Shooting ordinance still a target
By By Mitch Freeman Madison County Record
The city council's recent decision to change a local law that would prohibit shotgun shooting in Madison's city limits may not stand.
The ordinance that permitted shotgun shooting was going to be changed and all of the shooting permits that had been granted were suspended a month ago. However, those residents who own the land and are involved in hunting and shooting came to the city council in an effort to retain shooting privileges.
A group of residents told city council members that safety is paramount when they hunt or shoot their shotguns.
Mill Road resident David Brown said he and several of his adjacent neighbors own almost 200 acres of mostly farmland and that is where the shooting takes place. He said they bird hunt in the middle of their land, not along the perimeter.
Men who hunt and shoot there told council members they hunt with their sons and stress gun safety.
Dan Wilkerson, who raises cattle on farmland along Mill Road, said he had been hunting and shooting in the area for 18 years. He said they sometimes have to shoot coyotes when they threaten calves.
The council directed the group to meet with Ed Collins, who leads the charge to stop the shooting. The council requested that those for and against the issue to develop a solution agreeable to all parties.
According to Councilman David Buschmann, the shooters who cause problems are people who have not been permitted to shoot, and arrests have been made.
In other business, residents who live in the Edgewater community addressed the council regarding rock concert noise from adjacent Madison Aquatic Park.
The way Charles Morris sees it, property values in the community could drop and the loud noise could present personal health problems with hearing. Another resident said with window and doors closed, it still sounded like the concert was going on inside his home.
Councilwoman Cynthia McCollum said the council is very sympathetic to Edgewater residents' concerns and didn't know there was a problem until the residents came before the council.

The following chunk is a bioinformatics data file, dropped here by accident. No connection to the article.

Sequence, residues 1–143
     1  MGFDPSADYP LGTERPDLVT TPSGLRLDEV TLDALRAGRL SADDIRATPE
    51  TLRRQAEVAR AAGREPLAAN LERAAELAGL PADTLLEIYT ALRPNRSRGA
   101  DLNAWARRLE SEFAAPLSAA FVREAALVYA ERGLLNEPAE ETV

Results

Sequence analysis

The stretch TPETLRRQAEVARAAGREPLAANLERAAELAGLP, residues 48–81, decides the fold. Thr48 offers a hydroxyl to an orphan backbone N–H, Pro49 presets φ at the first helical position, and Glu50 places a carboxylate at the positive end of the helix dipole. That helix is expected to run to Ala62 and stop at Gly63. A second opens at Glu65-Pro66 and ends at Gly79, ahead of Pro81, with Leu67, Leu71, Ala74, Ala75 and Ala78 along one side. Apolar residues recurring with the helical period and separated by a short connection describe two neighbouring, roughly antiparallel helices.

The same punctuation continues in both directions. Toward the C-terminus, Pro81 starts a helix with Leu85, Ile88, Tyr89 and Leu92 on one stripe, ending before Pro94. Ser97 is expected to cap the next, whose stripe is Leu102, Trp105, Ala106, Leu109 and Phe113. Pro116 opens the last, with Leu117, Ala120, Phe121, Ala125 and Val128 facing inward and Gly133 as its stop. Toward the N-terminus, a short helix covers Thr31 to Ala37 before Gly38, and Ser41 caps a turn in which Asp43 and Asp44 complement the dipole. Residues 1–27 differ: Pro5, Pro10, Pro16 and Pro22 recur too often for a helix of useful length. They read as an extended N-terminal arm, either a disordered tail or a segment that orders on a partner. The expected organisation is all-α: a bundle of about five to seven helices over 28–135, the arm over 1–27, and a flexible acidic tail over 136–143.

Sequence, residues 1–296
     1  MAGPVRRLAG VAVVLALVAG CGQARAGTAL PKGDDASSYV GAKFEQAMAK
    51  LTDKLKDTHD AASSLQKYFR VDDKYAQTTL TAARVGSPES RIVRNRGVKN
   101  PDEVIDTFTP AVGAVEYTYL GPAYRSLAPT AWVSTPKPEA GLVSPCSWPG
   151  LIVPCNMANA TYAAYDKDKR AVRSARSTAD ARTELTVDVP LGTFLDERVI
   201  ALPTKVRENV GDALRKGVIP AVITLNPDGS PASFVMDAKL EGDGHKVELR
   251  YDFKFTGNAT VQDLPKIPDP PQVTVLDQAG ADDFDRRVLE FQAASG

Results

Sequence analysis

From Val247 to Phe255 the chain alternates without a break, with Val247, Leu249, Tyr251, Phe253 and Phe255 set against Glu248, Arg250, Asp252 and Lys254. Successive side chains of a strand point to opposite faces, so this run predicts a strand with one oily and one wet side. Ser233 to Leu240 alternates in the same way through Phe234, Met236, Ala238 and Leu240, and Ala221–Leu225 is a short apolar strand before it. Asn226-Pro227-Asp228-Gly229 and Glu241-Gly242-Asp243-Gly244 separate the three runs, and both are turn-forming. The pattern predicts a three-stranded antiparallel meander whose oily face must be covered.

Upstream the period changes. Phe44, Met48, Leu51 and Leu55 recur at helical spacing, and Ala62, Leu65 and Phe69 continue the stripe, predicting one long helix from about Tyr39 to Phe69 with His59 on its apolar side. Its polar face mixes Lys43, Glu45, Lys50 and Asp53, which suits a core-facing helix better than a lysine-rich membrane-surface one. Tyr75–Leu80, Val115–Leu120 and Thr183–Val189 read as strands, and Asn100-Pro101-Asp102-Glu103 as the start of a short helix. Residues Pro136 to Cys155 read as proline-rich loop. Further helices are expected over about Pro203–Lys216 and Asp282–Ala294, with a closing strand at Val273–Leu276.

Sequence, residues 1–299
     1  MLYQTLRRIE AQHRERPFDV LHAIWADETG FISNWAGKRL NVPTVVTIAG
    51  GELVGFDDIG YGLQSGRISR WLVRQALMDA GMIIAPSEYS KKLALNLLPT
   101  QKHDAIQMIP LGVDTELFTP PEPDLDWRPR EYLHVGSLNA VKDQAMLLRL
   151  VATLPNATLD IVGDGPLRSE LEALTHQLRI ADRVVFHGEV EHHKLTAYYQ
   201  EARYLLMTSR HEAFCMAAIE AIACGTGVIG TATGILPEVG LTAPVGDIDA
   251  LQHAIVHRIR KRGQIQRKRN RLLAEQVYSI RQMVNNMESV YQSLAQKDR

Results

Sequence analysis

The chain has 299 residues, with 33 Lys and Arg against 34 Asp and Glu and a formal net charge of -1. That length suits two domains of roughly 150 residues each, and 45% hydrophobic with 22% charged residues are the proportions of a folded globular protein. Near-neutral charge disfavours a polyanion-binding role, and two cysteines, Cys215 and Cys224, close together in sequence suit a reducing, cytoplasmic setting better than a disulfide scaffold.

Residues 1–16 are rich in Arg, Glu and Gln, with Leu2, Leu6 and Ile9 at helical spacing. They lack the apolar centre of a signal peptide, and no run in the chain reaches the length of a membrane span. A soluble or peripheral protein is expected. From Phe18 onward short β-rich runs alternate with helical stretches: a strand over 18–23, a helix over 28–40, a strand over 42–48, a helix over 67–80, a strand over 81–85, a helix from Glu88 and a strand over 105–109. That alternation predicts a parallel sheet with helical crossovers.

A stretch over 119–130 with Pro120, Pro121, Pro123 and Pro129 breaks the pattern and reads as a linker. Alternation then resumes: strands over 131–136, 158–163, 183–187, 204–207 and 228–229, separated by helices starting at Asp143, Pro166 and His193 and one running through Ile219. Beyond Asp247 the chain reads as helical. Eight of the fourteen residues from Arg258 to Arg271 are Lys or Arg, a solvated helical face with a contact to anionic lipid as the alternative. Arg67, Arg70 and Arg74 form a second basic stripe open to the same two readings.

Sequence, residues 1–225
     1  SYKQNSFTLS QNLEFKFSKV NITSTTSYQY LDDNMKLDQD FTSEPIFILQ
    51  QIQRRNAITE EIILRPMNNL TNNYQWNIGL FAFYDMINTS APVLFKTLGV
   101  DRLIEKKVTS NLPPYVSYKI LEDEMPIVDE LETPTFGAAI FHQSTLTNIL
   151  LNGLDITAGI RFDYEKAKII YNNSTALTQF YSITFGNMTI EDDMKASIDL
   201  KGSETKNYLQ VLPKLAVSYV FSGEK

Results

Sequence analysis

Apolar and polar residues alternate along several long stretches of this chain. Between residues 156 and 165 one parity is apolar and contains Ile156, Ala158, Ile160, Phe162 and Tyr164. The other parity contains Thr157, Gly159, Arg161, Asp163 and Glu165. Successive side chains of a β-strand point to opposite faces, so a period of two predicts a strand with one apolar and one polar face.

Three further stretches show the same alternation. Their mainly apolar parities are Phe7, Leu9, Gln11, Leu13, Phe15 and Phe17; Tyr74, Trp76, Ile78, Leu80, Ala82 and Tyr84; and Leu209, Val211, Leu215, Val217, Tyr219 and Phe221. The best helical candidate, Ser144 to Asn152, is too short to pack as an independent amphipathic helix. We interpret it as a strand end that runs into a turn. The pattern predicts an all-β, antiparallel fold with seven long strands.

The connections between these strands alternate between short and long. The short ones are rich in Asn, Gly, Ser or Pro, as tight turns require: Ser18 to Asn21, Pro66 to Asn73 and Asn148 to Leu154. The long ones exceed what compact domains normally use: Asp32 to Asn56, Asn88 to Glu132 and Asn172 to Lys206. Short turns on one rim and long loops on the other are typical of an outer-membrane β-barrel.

Gene Gezing said he had called police a total of nine times to issue complaints.
Rod Wheeler, president of Rock Divers, is contracted by the city to operate the aquatic park. He said he wants to work with Edgewater residents to resolve the issue and that a sound engineer was going to look into the problem.
The idea behind the concerts is to give back to the community, according to Wheeler. Money has been raised for the Trail of Tears organization and for an Indian museum to be built at the park, he said.
The city's contract with Rock Divers is up for renewal and McCollum said the council would be looking to modify the contract to resolve the problem.
In other business, the city council: * Went into a private hour-long executive meeting. Council President Jim Reagan's said the executive meeting was to discuss someone's good name and character. * Appointed firefighter Bobby Phillips as the CERT representative for Madison. In conjunction with the Madison County Emergency Management Agency, Citizens Emergency Response Teams will be taught what to do and what not to do in emergency situations. Phillips will coordinate the local effort. * Approved installation of a new roof for the Madison Senior Center at a cost of $33,500.
* Authorized a $30,000 agreement for engineering and surveying services related to a Mill Road/Telluride drainage project. * Accepted Cedar Springs Station, Phase III and Ashley Green, Phase V into the city maintenance program. * Authorized a $7,250 agreement with The University of Alabama at Huntsville to conduct market research for the city of Madison.